What You Need To Know Regarding Diabetes Diet

  • By lacixevi
  • On 02/06/2015
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Are you having troubles controlling diabetes? Discover some ideas on how individuals with diabetes can consume wholesome foods and manage their blood sugar.

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A filling and healthy lunch can help you get through the day without snacking on high-carb junk food and other empty calories. Try to eat a two to three servings of vegetables as part of your midday meal (1 cup of raw vegetables = 1 serving). Salads are a great way to include a variety of non starchy veggies and a lean protein plus, you can easily sneak in whole grains or enjoy them on the side. Add a serving of fruit or low-fat dairy to round out your lunch. Again, portions and meal planning can be personalized to your specific needs by working with a diabetes educator or dietitian.

To determine the daily calorie requirements for specific individuals, multiply the number of pounds of ideal weight by 12 - 15 calories. The number of calories per pound depends on gender, age, and activity levels. For instance a 50-year-old moderately active woman who wants to maintain a weight of 135 pounds and is mildly active might need only 12 calories per pound (1,620 calories a day). A 25-year old female athlete who wants to maintain the same weight might need 25 calories per pound (2,025 calories a day).

Fats should provide 25 - 35% of daily calories. Monounsaturated (such as olive, peanut, canola oils; and avocados and nuts) and omega-3 polyunsaturated (such as fish, flaxseed oil, and walnuts) fats are the best types. Limit saturated fat (red meat, butter) to less than 7% of daily calories. Choose nonfat or low-fat dairy instead of whole milk products. Limit trans-fats (such as hydrogenated fat found in snack foods, fried foods, and commercially baked goods) to less than 1% of total calories.

Researchers believe that the key to weight control lies in reducing the amount of refined carbohydrates in your diet. Instead, focus on low GI or coal” foods which keep you feeling fuller much longer. Low-glycemic foods take longer to digest so sugar is absorbed more slowly into the bloodstream. As a result you're less likely to experience a spike in your blood sugar level, you'll remain sated for longer, and are less likely to overeat.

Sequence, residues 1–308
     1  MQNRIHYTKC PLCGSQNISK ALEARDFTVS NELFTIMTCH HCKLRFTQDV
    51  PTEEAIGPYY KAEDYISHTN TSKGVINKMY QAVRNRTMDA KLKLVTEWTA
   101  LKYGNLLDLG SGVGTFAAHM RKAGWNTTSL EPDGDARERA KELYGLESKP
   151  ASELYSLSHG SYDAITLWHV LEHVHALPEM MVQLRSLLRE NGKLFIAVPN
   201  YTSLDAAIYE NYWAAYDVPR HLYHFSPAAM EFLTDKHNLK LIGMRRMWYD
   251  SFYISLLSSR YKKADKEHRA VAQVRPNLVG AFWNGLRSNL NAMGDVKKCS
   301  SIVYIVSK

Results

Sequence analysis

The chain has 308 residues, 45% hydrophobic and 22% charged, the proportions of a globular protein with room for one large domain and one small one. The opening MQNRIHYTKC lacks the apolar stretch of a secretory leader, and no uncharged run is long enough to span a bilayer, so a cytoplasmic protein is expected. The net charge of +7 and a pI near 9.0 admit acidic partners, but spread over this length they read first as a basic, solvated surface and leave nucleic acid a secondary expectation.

The recipes and advice in The Diabetes Diet will provide readers with an easy-to-follow guide for controlling their disease and regaining their health and well-being. There are an estimated 18 million diabetics in America, and their number is increasing every year-yet there are no low-carb diet books appropriate for diabetics. Since publication in 1997, Dr. Bernstein's Diabetes Solution and its revised 2003 edition have sold more than 120,000 copies. An engineer by training, Bernstein pioneered blood glucose self-monitoring and the tight control of blood sugar that is now accepted as the standard treatment of diabetes. He entered medical school at the age of 45 in order to publish his findings.

In general, diabetes dietary guidelines recommend that proteins should provide 12 - 20% of total daily calories. This daily amount poses no risk to the kidney in people who do not have kidney disease. Protein is important for strong muscles and bones. Some doctors recommend a higher proportion of protein (20 - 30%) for patients with pre- or type 2 diabetes. They think that eating more protein helps people feel more full and thus reduces overall calories. In addition, protein consumption helps the body maintain lean body mass during weight loss.


It's easy to underestimate the amount of calories and carbs in alcoholic drinks, including beer and wine. And cocktails mixed with soda and juice can be loaded with sugar. If you're going to drink, do so in moderation (no more than 1 drink per day for women; 2 for men), choose calorie-free drink mixers, and drink only with food. If you're diabetic, always monitor your blood glucose, as alcohol can interfere with diabetes medication and insulin.


The The Diabetes Diet was designed for controlling blood sugars in diabetics, but its health and weight-management benefits apply to everyone. Focusing on protein, fat, and slow-acting carbohydrate, this plan prevents the blood sugar roller-coaster ride caused by a carbohydrate-heavy diet, which can result in obesity, increased blood pressure, and damage to the lining of the blood vessels. A diabetic himself for almost sixty years, Dr. Bernstein meticulously followed the guidelines of the American Diabetes Association, yet his health steadily deteriorated. It wasn't until he devised his own, more effective method for regulating blood sugar that Dr. Bernstein started to enjoy a healthy life.
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